“We wouldn’t call ourselves a queercore band or anything because it is not the thing that’s always at the forefront,” says David Combs of Bad Moves. “But it is a theme that we have spent a good deal exploring in our lyrics.”
Formed roughly five years ago, the local punk-fueled, power-pop four-piece counts, according to Combs, “three band members who identify as queer, two of us as non-binary.” The queer theme has factored into both full-length albums released by Bad Moves, including their 2018 debut.
“On Tell No One, we wrote a lot about experiences growing up,” says Combs, the band’s queer, nonbinary guitarist, noting that “a couple of songs on there are about being a closeted youth and trying to come to terms with your queer identity as it’s emerging.”
Last year’s Untenable, meanwhile, features the single “Cape Henlopen,” which Combs wrote with fellow guitarist Katie Park. Named after the Delaware state park just north of Rehoboth, the song “is about the experience of being perceived through a gender’s gaze, and imagining what life would be like with that stripped away.” It juxtaposes the experience of “being on a remote beach where there isn’t anybody around [to that of being] around a lot of people who are projecting their ideas about you based on seeing your body.”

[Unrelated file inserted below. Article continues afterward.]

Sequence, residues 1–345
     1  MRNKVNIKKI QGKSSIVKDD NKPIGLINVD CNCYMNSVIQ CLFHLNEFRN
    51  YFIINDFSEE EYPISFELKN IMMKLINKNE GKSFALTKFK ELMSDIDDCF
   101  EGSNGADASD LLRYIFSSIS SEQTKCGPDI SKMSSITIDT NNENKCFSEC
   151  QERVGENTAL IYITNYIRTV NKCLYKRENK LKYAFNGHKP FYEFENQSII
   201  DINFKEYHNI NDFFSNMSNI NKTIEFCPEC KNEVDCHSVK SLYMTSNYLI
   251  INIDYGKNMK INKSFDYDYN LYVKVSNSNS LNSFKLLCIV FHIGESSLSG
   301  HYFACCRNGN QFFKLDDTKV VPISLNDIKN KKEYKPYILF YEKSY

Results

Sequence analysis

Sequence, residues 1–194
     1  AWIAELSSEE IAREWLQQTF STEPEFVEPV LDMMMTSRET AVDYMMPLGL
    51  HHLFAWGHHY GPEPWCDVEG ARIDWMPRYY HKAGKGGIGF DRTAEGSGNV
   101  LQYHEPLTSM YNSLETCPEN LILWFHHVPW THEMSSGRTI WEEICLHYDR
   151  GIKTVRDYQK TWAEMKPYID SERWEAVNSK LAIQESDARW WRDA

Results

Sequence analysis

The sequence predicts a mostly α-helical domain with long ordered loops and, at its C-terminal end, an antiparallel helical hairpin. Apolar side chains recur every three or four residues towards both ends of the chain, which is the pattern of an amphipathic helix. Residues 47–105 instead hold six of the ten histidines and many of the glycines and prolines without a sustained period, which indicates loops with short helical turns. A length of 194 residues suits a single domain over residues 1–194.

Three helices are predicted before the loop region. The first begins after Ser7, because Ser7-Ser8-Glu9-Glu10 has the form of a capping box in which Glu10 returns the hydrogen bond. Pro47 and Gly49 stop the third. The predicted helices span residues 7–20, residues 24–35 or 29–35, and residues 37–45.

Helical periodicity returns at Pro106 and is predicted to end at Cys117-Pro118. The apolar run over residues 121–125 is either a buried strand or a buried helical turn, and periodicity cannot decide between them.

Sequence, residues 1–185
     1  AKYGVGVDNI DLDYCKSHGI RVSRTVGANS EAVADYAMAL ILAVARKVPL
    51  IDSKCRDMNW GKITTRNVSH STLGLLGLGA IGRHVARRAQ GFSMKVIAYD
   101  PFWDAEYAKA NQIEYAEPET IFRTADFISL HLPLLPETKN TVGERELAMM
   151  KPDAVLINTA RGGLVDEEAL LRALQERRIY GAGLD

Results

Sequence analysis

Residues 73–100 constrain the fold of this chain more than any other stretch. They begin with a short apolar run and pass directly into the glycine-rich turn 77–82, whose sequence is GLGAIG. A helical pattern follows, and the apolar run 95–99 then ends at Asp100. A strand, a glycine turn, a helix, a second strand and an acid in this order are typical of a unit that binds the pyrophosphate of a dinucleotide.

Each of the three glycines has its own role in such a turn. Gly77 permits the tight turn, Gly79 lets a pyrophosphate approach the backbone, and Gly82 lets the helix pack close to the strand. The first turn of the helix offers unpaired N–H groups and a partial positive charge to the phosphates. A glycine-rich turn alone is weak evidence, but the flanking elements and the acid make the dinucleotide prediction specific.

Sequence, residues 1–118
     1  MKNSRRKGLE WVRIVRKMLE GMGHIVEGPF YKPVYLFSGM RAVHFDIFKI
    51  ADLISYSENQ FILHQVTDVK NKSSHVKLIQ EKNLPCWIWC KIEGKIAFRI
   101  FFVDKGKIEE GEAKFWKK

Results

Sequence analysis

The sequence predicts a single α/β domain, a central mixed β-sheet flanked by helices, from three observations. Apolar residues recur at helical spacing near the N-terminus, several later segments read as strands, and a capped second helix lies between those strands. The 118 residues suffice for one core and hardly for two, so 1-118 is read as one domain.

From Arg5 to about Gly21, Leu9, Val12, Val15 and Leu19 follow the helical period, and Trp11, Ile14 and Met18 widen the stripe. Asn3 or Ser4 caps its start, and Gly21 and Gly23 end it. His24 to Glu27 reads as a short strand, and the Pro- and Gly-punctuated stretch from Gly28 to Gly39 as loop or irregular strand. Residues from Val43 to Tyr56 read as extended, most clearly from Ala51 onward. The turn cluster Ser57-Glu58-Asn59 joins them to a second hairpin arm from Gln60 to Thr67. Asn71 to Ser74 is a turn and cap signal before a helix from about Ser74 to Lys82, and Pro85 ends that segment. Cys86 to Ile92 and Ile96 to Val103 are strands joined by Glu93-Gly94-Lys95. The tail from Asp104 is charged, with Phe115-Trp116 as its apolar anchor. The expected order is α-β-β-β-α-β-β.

Next week, Combs and Parks will be joined by fellow bandmates Emma Cleveland and Daoud Tyler-Ameen for a performance before a live, in-person crowd. The headlining show, at the Black Cat, featuring opening sets from Oceanator and Bacchae, will be the band’s first live performance in D.C. in nearly two years, after the pandemic forced them to cancel the three tours that had been planned last year. Until last month, the band hadn’t even rehearsed together since before the pandemic. “This first show back is the only thing we have planned,” says Combs. “We just said, ‘Let’s try to get back into it with an achievable goal of playing one show and then take it from there.'”
The good news is that the first rehearsal went better than Combs expected. “We all had kind of a worry that we’d pick up our instruments and be like, ‘What are these things?’ But luckily, the muscle memory kicked back in.”
While that has helped reassure the band, the resurgence of COVID-19 has had the opposite effect. “We are very pro-vaccination and we are hoping that everyone who decides to come to our show will be vaccinated,” Combs says. “That is our humble request: that people try to be as safe as possible.”
Bad Moves performs Friday, Aug. 13 at the Black Cat, 1811 14th St. NW. Doors at 8 p.m. Call 202-667-4490 or visit www.blackcatdc.com.
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